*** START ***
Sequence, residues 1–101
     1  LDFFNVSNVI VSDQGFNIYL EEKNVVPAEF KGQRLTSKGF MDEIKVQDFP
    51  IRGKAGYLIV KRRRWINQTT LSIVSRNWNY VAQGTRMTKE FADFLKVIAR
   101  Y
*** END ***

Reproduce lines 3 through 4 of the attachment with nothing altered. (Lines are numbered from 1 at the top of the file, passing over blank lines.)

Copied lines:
    51  IRGKAGYLIV KRRRWINQTT LSIVSRNWNY VAQGTRMTKE FADFLKVIAR
   101  Y